Mari: Our people are much stronger today than they were back in the eighties. That is a wonderful thing! the joik and our language and culture are much more accepted also. But, as I said under point 5, when it comes to land rights and who has the right to decide how nature and the resources are to be used…there is a long way to go.


E&D: Has your incorporation of popular music with traditional music ever been challenged?

Mari: Since I am not a traditional singer I have not had problems with the “joik-police”! But it has been a bit controversial for the older generation that I have brought up and brought back the old spirituality (linked to shamanism). This spirituality was heavily banned and demonised by the colonisers and the missionaire, so this has been a bit scary for my parents’ generation. The fear for the link between our ancestral heritage and the devil was successfully placed in my people’s heads for generations and takes time to overtone.

E&D: On your debut Jaskatvuođa maŋŋá you recorded John Lennon’s famous song ‘Working Class Hero’ using your own Sami lyrics. A rebellious move! And then on See The Woman you wrote an album entirely in English for the first time. Please could you comment on your motivations for these decisions? What was it about Lennon’s song that spoke to you? How does writing and singing in English affect the way you write your songs and their meanings?

Mari: John Lennon´s songs inspired me a lot. In ‘Working Class Hero’ he writes about how the school system makes working class children to despise themselves and their own culture. My lyrics were a parallel: I wrote about the Sámi children’s experience with the Norwegian school how the school fills you with a feeling of being inferior because it never gives room for your background and language. To sing in English was a bit of a research thing for me. I found it interesting. I wanted to search for the meeting between my soulful singing and the words in a language that I learned. A foreign language of course is not as much linked to your heart and soul as your mother tongue is. But I always loved to experiment and find these meeting points.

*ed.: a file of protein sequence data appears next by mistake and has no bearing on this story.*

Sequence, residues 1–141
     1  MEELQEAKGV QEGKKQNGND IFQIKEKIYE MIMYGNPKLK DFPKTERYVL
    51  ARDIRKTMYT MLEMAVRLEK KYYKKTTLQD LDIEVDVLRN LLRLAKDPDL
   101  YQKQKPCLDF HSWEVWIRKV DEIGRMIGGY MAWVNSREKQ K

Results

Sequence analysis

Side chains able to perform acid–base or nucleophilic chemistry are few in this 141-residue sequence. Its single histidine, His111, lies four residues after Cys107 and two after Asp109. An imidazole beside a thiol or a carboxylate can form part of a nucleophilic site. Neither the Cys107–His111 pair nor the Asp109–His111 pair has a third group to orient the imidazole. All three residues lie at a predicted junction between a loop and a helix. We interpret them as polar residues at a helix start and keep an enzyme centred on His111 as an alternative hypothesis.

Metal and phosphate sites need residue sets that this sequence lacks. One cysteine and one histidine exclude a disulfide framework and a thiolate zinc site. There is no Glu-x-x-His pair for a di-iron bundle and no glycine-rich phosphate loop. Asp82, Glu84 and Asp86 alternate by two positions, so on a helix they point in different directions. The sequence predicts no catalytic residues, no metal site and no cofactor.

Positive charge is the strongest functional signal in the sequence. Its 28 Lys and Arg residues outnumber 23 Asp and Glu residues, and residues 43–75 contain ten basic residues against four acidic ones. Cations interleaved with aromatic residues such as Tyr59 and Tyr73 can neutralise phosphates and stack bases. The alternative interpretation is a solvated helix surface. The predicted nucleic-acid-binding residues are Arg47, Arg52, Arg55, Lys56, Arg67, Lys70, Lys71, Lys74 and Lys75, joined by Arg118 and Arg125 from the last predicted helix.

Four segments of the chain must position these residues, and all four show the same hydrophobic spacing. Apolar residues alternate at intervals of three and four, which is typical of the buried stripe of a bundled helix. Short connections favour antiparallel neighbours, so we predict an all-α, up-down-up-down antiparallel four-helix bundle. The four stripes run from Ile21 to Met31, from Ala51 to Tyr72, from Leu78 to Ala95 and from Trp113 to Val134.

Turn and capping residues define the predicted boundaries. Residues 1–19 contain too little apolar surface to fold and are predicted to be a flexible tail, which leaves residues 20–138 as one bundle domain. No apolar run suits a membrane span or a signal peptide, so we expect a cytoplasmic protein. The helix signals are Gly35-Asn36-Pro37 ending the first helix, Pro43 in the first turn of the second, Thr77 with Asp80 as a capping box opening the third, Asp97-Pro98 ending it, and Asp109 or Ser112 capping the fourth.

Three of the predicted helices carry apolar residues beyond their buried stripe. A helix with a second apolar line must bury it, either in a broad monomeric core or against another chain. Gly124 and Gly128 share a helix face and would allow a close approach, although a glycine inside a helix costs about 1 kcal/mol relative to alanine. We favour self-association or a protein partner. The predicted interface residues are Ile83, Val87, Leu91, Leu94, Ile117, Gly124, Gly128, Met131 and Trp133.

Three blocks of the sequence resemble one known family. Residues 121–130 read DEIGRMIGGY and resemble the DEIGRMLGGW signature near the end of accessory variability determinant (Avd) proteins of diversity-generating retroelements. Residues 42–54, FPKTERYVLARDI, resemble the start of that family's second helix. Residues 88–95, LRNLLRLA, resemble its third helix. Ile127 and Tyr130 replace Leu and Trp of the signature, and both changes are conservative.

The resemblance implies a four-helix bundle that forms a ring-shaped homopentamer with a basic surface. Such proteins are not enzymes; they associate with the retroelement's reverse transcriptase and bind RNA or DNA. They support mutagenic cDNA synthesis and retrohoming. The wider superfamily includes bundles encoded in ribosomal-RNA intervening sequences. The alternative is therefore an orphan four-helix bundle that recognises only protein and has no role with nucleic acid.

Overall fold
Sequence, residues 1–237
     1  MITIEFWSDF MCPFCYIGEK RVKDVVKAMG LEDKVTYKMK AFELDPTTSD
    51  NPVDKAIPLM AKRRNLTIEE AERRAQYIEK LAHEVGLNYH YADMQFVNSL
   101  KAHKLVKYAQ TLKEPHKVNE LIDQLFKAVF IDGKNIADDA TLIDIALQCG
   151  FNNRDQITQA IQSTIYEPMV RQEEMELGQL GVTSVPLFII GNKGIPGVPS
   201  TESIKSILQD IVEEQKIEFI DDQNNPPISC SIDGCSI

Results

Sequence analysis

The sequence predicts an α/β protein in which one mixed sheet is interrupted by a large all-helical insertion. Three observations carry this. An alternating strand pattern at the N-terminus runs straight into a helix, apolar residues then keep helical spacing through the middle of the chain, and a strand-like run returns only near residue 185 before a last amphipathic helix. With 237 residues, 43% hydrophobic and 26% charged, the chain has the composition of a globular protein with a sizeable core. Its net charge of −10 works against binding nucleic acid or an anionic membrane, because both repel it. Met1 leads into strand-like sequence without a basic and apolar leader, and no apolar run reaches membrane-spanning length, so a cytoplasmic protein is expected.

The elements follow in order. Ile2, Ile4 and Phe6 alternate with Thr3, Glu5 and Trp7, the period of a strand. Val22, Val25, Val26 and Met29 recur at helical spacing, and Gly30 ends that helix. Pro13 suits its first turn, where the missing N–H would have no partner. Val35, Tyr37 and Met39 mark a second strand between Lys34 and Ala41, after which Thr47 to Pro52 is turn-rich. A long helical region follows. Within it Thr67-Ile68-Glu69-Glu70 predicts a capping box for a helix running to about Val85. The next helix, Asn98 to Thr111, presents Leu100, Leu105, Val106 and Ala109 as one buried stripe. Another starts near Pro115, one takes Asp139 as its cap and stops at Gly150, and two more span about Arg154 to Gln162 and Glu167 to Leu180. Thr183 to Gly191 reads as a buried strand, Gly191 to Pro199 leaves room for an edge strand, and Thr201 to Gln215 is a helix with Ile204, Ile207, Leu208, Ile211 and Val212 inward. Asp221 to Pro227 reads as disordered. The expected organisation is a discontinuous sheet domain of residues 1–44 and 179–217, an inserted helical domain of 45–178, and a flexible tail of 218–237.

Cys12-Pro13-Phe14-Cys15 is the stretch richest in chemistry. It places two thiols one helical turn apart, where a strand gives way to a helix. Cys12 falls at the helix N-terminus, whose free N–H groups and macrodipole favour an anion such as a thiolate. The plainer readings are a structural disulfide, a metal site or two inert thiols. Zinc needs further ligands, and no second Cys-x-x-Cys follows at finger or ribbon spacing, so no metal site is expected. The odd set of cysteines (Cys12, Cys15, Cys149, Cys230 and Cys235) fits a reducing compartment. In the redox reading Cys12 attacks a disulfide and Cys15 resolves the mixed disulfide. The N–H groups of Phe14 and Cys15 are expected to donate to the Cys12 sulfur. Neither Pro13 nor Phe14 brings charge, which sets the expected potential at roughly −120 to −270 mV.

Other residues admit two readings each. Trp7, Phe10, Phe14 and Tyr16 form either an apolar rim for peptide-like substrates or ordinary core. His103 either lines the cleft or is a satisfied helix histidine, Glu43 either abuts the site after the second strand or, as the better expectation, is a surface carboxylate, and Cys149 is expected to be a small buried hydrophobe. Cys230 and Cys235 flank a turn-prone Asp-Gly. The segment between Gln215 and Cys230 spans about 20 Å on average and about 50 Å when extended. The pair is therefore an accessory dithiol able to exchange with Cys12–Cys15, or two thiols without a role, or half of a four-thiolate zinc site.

E&D: I would love to hear about the core aspects of your singing and music that derive from your Sami heritage, as I’m sure would our readers. For example joik singing. How would you describe joik singing to someone who is familiar with the general sound but is unfamiliar with the technique and its heritage?

Mari: This is very difficult to explain in words, I find. If I knew how to explain this I would spend more time talking about this than doing my music. I have learned that in the joik you don’t sing ABOUT, you don’t describe so much, you just enter the melody and you ARE the melody. You identify yourself with the feeling and find this inside yourself. Also in joik there is the shamanistic beat which is related to the heartbeat. Maybe it reminds us of the time we were in our mother’s womb listening to her heartbeat and that’s why it can be so relaxing. The joik was earlier a part of the shamanistic rituals and has the ability to take us on a journey where new doors may open if we free ourselves from the head-based state of mind. And finally, the joik is often pentatonic, repetitive, and calming.

E&D: Amame will be released on the label By Norse Music, which celebrates Norse music and culture. The label will be familiar to many Echoes and Dust readers from its founders, Einar Selvik and Ivar Bjørnson of Wardruna and Enslaved respectively. It’s clearly a perfect fit! I am sure it will bring your music to a broader audience. How did you come to work with By Norse Music?

Mari: I have been a fan of Wardruna for some time. We have the same agent, Anita Halmøy Wisløff, and AllThingsLive so she was the one who brought us together. I also think it is a perfect fit; we all search for our ancient roots and create contemporary music from what we find.

E&D: You have already achieved so much throughout your career, and are constantly pushing yourself and the boundaries of your music. Do you still have particular things that you would like to achieve with your music and your career? What is next for you?

Mari: I really love to be in this music and to share my music with people. I have been simultaneously working on Amame and an album with my band. So now we are finalising Alva which will be out in April 2023. I am really looking forward to bring my music out to people, live.